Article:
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1-2 USA: Celebrating Ski History

Lindsey Vonn and Julia Mancuso made history yesterday when they claimed the gold and silver in the ladies downhill. We were there while they toasted glasses of champagne and celebrated with friends and family.
posted: 02/19/2010
Julia and Lindsey Celebrating

There was a reason to celebrate last night, and that reason was Lindsey Vonn and Julia Mancuso, who made history yesterday by clinching the gold and silver in the women’s downhill at the 2010 Winter Games, marking the best day in U.S. women’s skiing ever.

On this bluebird day, cowbells clanged and horns blasted as both girls laid down smoking fast runs on a treacherous course that saw racer after racer wipe out. Anja Parson was on track for the silver until she launched off a jump and sky-rocketed 60 meters through the air, skidding across the finish line. Another Romanian racer had to be  helicoptered off the mountain after hitting the safety nets at high speeds. After a lackluster run from Maria Reisch, Vonn’s close friend, rival, and the greatest threat to her gold, Mancuso and Vonn could breathe easy. Once in the home stretch, Lindsey hugged her siblings over the gates. They huddled and Vonn, ever the steely competitor, had tears running down her rosy cheeks. It was the first time an American woman had won the Olympic downhill.

It’s an image that will no doubt live on as one of the iconic moments of the 2010 Games: Two wide-smiled, blue-eyed American beauties waving Old Glory together atop the podium during the flower ceremony. With the bright blue sky and Whistler’s snowcapped peaks behind them, it was post card perfect.

With the race over, it was time to celebrate. While Mancuso and Vonn were subjected to the obligatory post-race, doping drill, press conference and workout, their cheering squads rallied at the Red Bull House to toast the girls with bubbly, Red Bull and glowing recaps of the day. The Vonntourage was in full force, joined by the Under Armor crew and U.S. ladies' coaches Frank the Tank, Alex Hodelmoser, and Chris Knight.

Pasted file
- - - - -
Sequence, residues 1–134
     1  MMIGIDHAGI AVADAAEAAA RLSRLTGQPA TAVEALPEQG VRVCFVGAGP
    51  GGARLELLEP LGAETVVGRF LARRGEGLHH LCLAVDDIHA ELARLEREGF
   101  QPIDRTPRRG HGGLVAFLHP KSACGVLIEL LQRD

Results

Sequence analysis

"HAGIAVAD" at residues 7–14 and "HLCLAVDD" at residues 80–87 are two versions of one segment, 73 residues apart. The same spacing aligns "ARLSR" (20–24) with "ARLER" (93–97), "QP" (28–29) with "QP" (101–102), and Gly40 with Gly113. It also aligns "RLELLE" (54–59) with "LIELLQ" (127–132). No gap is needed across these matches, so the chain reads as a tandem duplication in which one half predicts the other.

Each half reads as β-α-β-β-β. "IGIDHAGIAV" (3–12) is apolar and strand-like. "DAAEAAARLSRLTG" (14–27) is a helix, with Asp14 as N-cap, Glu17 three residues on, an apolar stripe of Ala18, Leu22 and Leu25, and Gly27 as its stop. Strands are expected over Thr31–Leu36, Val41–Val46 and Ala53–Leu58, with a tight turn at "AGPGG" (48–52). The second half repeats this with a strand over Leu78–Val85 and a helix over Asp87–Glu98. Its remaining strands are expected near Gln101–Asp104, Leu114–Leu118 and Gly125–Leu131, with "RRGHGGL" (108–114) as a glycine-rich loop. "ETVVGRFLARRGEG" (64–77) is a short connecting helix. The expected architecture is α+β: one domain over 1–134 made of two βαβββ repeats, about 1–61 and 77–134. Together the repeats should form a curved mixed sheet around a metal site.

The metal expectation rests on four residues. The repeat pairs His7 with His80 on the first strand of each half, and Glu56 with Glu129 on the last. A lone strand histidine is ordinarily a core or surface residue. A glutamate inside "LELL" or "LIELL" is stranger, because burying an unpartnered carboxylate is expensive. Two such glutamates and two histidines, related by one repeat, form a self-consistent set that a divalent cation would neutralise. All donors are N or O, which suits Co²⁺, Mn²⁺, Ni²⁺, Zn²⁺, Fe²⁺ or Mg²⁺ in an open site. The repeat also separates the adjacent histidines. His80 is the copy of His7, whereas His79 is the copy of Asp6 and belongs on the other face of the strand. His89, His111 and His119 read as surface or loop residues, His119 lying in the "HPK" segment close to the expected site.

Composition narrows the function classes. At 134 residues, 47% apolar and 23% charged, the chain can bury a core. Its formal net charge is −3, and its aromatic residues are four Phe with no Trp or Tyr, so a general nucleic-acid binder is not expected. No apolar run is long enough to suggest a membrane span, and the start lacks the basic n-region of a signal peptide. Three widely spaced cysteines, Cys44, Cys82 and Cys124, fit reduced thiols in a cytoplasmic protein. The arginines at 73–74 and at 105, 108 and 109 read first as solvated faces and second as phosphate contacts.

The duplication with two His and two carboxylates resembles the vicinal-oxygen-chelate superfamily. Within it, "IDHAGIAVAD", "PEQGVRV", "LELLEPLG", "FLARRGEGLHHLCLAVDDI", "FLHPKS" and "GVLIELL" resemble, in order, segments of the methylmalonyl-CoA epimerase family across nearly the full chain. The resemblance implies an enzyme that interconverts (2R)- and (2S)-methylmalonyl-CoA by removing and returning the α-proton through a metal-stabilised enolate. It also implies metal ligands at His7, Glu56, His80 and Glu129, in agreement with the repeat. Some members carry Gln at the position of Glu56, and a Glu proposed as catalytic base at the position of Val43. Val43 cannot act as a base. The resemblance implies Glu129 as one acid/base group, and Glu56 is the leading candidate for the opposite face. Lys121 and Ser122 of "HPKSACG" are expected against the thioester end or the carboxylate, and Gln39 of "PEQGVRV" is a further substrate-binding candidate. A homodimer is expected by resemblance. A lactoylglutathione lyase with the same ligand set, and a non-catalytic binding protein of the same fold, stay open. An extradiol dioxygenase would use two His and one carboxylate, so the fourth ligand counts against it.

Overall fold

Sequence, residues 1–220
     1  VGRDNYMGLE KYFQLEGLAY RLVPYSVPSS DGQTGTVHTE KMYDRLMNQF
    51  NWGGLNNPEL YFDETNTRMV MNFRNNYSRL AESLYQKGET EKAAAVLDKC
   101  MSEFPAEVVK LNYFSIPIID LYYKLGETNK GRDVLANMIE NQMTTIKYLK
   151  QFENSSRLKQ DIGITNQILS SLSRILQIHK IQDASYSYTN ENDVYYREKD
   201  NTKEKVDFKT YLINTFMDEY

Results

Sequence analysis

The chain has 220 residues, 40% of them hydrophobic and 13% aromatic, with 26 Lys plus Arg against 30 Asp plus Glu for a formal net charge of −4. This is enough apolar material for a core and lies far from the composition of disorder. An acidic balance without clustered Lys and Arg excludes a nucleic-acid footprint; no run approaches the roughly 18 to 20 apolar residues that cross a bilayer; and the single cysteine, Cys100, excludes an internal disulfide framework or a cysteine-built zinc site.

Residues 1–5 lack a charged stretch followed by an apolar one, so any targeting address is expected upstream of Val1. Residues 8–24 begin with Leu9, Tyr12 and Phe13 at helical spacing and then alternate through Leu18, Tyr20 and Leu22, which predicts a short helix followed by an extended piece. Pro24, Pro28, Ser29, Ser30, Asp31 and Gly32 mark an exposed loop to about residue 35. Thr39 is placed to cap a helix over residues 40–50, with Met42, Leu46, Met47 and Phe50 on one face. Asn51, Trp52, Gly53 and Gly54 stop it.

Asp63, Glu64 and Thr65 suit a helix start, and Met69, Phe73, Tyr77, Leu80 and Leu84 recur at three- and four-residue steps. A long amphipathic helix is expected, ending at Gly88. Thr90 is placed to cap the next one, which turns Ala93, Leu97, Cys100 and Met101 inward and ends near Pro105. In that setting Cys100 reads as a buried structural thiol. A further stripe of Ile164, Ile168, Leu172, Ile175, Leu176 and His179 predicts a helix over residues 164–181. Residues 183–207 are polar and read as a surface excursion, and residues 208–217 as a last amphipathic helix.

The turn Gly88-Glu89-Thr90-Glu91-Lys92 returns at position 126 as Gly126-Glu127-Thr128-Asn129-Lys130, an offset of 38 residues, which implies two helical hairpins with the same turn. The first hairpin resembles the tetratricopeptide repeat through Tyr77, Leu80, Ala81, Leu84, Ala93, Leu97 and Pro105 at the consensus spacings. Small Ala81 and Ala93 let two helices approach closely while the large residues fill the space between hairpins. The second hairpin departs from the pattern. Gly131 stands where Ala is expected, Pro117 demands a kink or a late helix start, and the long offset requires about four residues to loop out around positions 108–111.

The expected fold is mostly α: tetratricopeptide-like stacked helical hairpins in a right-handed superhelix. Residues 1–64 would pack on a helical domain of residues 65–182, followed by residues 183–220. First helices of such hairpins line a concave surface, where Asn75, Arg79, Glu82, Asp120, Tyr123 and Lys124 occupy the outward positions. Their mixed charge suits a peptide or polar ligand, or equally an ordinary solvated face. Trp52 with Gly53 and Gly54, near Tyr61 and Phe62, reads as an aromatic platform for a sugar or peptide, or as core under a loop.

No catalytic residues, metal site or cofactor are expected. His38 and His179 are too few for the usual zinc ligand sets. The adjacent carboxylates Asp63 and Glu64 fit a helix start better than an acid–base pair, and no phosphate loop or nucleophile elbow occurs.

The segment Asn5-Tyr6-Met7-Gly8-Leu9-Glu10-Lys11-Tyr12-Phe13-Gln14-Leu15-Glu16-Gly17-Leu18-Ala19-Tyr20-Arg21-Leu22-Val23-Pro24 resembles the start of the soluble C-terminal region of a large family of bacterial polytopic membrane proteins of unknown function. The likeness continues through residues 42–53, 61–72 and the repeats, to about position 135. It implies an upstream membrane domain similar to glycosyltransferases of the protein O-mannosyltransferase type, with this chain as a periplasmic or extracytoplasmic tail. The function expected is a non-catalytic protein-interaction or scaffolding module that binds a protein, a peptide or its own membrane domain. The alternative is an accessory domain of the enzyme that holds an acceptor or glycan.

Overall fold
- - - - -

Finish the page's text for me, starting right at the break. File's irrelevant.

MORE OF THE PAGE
Vonn’s mom, Linda Krohn, was exuberant and confessed, “When Lindsey saw her brother and sister, she cried. Lindsey never cries. I’ve never seen her like that.”

Back in town, the village was abuzz. Folks scrambled to score tickets to the 7 pm medals ceremony. Once the dual American flags began to rise and the national anthem swept over the crowd, there was nary a dry American eye. And who wouldn’t feel a twinge of patriotism? This was a moment for the history books.

With the ceremony over, the party cranked up into high gear. First stop: the Spyder-sponsored U.S. Ski Team house where an intimate reception was held to honor Mancuso and Vonn. Extreme skier Chris Davenport was in the house, and so was Steven Nyman from the men’s ski team, who busted out some wicked late night dance moves. Mancuso’s crew was decked out in tiaras and striped hoodies stamped on the back with a gold caricature of Mancuso in full-throttle race tuck (and she drew it herself).

The CEO of the USSA, Bill Marolt raised a glass to the girls. “We have two phenomenal athletes, we have two phenomenal people. Today you saw a performance that you may never see again.” And, he might be right.

As Marolt turned the mic over to Mancuso, she began to tear up. “It’s been rough for me the past couple of years. And to everyone who’s supported me but especially, I have to thank my friend Suzuko because….She’s seen me cry a lot and its not from being happy.”

Julia then passed the mic to a composed Lindsey, “It’s been a long journey for all of us and I think today having both of us on the podium is really a testament to not just our hard work, but the entire team. Thanks to everyone, especially my husband Thomas,” she paused.  And like a teenage girl, she cooed, “He’s cuuute.”

The crowd erupted into “One-two USA! One-two USA!”  When the noise subsided, the girls toasted each other, signed autographs, and mingled with family and friends before being whisked off to prepare for the next day’s super combined. In the mean time, the rest of the crew was primed to party. It was truly an occasion to celebrate.

 

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